March 23, 2011 by Leah
Making things from scratch can take time. So can going to the grocery store or waiting in a drive-through line. I personally would much rather be standing in my kitchen than sitting in my car. That said, getting up the energy required to make tomato sauce is sometimes hard, even for a dilettante like me.
I’m not a total dilettante. I had to start making to-do lists recently. Still, I don’t have a “real” job or, as people like to point out, any children. Believe me, I fill my time anyway. In a way, I’m looking at this point in my life as the time where I learn all the skills that are going to get me through the busier times ahead.
I have, of course, been looking for a “professional” job that will allow me to use my hard-won masters’ degree and pay me appropriately, but there is a certain sense of dread that accompanies the idea of learning a new corporate culture. There is also that nagging feeling that the only people I know who are often happy to go to work in the morning are those who are in charge. I don’t really want to be in charge of an office. The pettiness, the unhappy workers. Even people who are lucky enough to do meaningful work don’t always get the sense of satisfaction and pride they deserve out of it when the organization is an emotional clusterfuck. Even the bosses aren’t happy every day. Everyone wants more time for “real life,” which I think is ridiculous – how could we spend one half of our waking hours not living our “real lives?” Well over one half when you count commuting, lunch, and hair-straightening time.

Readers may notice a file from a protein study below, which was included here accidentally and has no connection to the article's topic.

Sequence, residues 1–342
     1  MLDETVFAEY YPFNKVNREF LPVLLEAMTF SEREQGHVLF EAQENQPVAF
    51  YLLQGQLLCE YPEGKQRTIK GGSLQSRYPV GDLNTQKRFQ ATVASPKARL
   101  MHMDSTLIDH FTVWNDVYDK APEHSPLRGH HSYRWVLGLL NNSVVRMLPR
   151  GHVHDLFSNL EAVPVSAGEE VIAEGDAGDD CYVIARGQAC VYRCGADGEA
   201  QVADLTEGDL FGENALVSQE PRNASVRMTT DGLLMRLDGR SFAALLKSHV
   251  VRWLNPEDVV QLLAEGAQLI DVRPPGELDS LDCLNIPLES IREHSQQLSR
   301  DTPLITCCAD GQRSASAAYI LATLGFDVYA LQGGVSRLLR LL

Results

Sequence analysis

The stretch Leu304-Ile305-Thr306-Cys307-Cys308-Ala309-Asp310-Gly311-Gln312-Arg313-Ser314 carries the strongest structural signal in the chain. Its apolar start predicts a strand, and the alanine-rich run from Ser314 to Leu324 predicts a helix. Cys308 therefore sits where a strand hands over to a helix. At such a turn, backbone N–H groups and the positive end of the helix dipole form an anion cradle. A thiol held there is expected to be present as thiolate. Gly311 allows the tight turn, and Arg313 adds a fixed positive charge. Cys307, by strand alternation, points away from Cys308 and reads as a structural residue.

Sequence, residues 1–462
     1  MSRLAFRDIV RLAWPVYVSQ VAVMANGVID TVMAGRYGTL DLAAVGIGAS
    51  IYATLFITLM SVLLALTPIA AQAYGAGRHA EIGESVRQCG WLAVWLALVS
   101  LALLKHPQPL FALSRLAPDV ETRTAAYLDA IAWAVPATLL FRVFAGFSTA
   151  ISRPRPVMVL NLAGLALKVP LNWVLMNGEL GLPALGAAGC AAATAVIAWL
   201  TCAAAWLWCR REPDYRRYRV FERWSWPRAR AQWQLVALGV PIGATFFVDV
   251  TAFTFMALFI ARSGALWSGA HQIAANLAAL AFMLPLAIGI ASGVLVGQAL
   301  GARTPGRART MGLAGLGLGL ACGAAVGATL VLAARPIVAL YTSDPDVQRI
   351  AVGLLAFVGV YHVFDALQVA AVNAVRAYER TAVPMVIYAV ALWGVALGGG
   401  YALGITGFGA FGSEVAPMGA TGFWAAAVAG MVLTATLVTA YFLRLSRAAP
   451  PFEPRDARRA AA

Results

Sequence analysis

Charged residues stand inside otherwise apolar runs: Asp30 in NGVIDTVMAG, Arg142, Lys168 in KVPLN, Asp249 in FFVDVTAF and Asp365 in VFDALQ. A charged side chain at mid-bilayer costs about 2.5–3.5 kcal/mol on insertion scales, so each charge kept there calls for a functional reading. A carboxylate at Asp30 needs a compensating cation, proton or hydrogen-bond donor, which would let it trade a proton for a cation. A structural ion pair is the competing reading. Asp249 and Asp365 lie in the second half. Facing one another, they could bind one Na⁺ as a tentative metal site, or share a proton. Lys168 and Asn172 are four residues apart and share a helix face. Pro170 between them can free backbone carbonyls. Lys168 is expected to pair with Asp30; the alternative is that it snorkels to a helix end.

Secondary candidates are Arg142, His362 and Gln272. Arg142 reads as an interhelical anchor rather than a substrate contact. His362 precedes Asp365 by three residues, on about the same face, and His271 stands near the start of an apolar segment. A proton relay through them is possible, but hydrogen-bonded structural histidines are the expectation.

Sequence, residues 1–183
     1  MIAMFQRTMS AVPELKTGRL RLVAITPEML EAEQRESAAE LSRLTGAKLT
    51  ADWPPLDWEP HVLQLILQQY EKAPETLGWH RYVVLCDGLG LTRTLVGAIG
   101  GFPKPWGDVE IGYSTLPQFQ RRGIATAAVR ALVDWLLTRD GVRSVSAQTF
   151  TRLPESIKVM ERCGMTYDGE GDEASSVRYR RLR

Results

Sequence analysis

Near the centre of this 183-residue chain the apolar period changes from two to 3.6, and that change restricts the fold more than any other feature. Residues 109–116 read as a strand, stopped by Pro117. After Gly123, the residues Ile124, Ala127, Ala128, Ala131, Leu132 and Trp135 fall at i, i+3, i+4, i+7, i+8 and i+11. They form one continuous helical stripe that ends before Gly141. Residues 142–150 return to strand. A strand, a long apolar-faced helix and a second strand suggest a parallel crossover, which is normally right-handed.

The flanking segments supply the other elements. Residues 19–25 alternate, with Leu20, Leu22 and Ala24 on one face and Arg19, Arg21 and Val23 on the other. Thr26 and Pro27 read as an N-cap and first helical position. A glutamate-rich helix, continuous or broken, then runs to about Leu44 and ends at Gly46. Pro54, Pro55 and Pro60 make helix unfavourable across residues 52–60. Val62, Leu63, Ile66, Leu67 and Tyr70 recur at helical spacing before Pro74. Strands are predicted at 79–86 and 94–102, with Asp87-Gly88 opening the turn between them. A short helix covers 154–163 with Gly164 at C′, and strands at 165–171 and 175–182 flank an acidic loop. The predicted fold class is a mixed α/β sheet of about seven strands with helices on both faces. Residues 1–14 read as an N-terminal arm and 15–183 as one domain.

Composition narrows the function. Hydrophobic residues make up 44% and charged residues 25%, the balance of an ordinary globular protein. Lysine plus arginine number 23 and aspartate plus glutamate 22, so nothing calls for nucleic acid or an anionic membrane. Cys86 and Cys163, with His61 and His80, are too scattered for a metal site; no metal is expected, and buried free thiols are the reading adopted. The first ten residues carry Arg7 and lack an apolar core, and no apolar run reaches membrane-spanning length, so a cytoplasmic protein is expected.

Many would say that my reluctance to get back into “the office” is probably what’s blocking me from finding a job. It’s also that I’ve been holding out for a good one. It’s also that no one even sends “we have received your application” emails these days. That I moved to a state with one of the highest unemployment rates in the country (and they’re not even counting me in that number).
Increasingly, I’ve been applying for jobs that sound fun – working at Whole Foods, or in a boutique cheese shop, just so I can start bringing in a little bit of money while seeing how the Bailey Editing thing is going to play out. Making connections in the community never hurts when you are a small business owner, and really, how great would it be to work in a cheese shop?
By now, I’ve probably upset several of my friends and acquaintances who HAVE to work and don’t have a well-educated, personable, always-employable spouse to subsidize the search for the perfect job. I’ve definitely upset said spouse by not being able to find a job (actually, that’s not true – the only time I can remember his being upset about anything EVER was when I forgot to return a call from a headhunter because I was overwhelmed with Christmas preparations). I think the underlying issue there is that he sees me as smart, competent, and educated and doesn’t know what the big deal is with finding a job. With every day that passes, I feel like I have less of a chance of finding a job and less value as a potential earner, which is, as much as I try not to let it, and as much as we discuss it, skewing my sense of value as a person. I think this would have happened even if I’d chosen, for whatever reason, to stop working after I got married (or, later, when children enter the picture). But becoming a housewife against all plans and expectations has been, in some ways, hard.